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Gloria Richard-Davis

Trying to Conceive: Questions to Ask Your Doctor

Congratulations! You’ve decided to have a baby and that’s a very exciting time of your life. But remember, making a baby can take time. So be patient, especially when your friends seem to constantly be sharing their good news and the in-laws are asking, ‘Are you pregnant yet?’ every time they see you. Often, after years of painstaking birth control, it can be a tough realization that getting pregnant when you finally want to isn’t as easy as you thought it would be. Here are a few questions to ask your doctor when you are ready to conceive:           
                                                                                                                    
1.      How long should it take for me to get pregnant? This depends on a great number of factors. But realize that making a baby takes time, often up to 12 months. If you’ve been trying for longer than a year, see your doctor to begin an infertility evaluation. If you’re older than 35, it can take longer because of aging impact on your eggs, so start your evaluation after 6 months if you have not conceived . Don’t panic, try to be patient and have fun in the process. After all, stress will only exacerbate the challenge.
2.      How much will my age really affect my chances? The chances of a woman naturally having a baby after age 35 decline by about 50 percent, and they decline by about 90 percent after age 40. So if having a baby is in your future plans, get started sooner rather than later. If you’re under 35, see an infertility expert after one year of trying without success. If you’re 35 or more, see an infertility expert if you don’t conceive naturally within six months. If you’re over 38, be seen after 3 months of unsuccessful trying. Though conceiving after 40 may be difficult, it’s not impossible, so ask your doctor what else you can do.
3.      Should I take prenatal vitamins? What kind? Yes. Eating healthy will raise your chances of conceiving and having a healthy pregnancy (that means cutting out the junk food and loading up on greens), and prenatal vitamins help fill in any holes in the mother’s diet. Ask your doctor to recommend a good prenatal vitamin with calcium and lots of B6 when you first start thinking about having a baby. Rainbow Light Complete Prenatal System is one of the few prenatals that has enough vitamin B6, which has been shown to increase fertility. Also, take an Omega-3 fish oil. Look for those with a higher mg of DHA and EPA.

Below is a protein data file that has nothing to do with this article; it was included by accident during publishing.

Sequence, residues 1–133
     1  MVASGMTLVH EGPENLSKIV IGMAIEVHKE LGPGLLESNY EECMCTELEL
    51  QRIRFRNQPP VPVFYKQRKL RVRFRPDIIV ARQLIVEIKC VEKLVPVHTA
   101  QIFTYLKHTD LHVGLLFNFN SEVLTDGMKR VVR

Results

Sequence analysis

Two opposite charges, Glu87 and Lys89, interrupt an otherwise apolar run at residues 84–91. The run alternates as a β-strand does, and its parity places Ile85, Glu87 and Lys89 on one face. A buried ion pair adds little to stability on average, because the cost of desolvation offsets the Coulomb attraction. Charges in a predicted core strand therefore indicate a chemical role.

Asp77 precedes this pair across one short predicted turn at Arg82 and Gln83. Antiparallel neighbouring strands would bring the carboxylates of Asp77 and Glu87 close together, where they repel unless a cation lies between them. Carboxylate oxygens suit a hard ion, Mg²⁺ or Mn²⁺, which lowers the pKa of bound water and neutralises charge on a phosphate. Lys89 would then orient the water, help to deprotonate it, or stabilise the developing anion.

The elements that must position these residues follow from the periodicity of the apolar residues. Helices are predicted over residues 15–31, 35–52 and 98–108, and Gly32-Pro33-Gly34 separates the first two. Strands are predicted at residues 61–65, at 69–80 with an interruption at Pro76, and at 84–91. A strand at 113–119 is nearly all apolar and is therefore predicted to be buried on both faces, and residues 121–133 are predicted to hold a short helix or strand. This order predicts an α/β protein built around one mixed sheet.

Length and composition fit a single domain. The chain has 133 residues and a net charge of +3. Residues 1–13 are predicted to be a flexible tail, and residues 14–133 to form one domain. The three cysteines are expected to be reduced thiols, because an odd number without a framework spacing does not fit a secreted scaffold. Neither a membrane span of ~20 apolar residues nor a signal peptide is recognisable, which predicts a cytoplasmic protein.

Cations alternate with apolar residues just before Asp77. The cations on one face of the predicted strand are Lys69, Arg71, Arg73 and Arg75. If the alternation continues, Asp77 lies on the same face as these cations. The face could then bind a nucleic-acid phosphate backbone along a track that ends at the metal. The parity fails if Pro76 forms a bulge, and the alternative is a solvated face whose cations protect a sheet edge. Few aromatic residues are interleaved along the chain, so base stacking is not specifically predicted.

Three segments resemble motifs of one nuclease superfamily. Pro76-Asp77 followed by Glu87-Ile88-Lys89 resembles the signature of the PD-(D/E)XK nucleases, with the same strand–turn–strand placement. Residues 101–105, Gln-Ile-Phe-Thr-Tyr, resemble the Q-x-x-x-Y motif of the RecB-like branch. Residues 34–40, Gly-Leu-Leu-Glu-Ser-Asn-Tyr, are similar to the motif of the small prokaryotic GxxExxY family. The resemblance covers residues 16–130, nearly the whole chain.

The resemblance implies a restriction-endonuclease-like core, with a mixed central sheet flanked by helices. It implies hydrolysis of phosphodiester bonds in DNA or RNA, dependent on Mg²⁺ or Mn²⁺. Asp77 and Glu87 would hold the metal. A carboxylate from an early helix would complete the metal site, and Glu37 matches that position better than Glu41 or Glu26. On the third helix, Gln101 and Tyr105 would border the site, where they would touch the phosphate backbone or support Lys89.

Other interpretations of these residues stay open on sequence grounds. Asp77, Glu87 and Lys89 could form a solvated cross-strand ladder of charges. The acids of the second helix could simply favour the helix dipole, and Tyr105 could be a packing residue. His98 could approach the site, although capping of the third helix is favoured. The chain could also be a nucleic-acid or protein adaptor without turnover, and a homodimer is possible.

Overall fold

4.      Does timing matter? You’re best bet is try to conceive just before and during ovulation, which happens anywhere from 13 to 20 days before your period. I recommend using an ovulation predictor kit to time intercourse. Then, have sex a few days leading up to and on the day of ovulation. Remember that sperm can live up to 6 days in your body, but your egg can only survive 12 to 24 hours. This timing gives you the best odds of the sperm and egg meeting. To be sure you’re getting the timing right, pick up a ClearBlue fertility monitor to help you map your fertility calendar. Use a digital thermometer, which is much faster and easier to use than a standard one, for basal temperature measurements. And to keep you on track, use a journal to keep track as a personal conception and pregnancy organizer. 


5. Can I use a lubricant? If having timed relations is affecting your ability to be intimate, a lubricant is a great option. But many lubricants may actually negatively affect sperm motility. Try Pre-Seed. It’s the only FDA-cleared, clinically shown ‘Fertility-Friendly’ Lubricant developed by doctors and used by fertility clinics. Use the applicator to apply it near the cervix. Its pH balanced to match fertile cervical mucus as well as the pH of sperm, so it won’t harm your chances of conceiving.
6. When should I take a pregnancy test? And which one should I use? Home pregnancy tests work by detecting levels of the hormone human chorionic gonadotropin (hCG), that is produced during pregnancy. These tests can only detect hCG after implantation occurs, which is generally 10 days post-ovulation (dpo). But don’t freak out if a test comes up negative at 10 dpo, since it’s not an exact science and you may still get pregnant up to 15 dpo. 15 dpo is when a woman who is not pregnant will typically get her period, so it’s the ‘first day of a missed period.’

 

First Response Early Result is the only pregnancy test that can detect pregnancy up to 6 days before your missed period (9 dpo). That’s one day sooner than any other home pregnancy test in the market.
Gloria Richard-Davis, MD, from the University of Arkansas Medical Sciences (UAMS) Department of Obstetrics and Gynecology, is an educator and Educator author of Planning Parenthood.
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